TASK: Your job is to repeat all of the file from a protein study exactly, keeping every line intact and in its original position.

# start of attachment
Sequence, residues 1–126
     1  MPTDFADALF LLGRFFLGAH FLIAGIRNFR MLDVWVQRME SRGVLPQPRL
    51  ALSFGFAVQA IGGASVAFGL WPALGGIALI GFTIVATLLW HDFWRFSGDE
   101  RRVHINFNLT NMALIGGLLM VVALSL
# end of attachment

Sequence, residues 1–126
     1  MPTDFADALF LLGRFFLGAH FLIAGIRNFR MLDVWVQRME SRGVLPQPRL
    51  ALSFGFAVQA IGGASVAFGL WPALGGIALI GFTIVATLLW HDFWRFSGDE
   101  RRVHINFNLT NMALIGGLLM VVALSL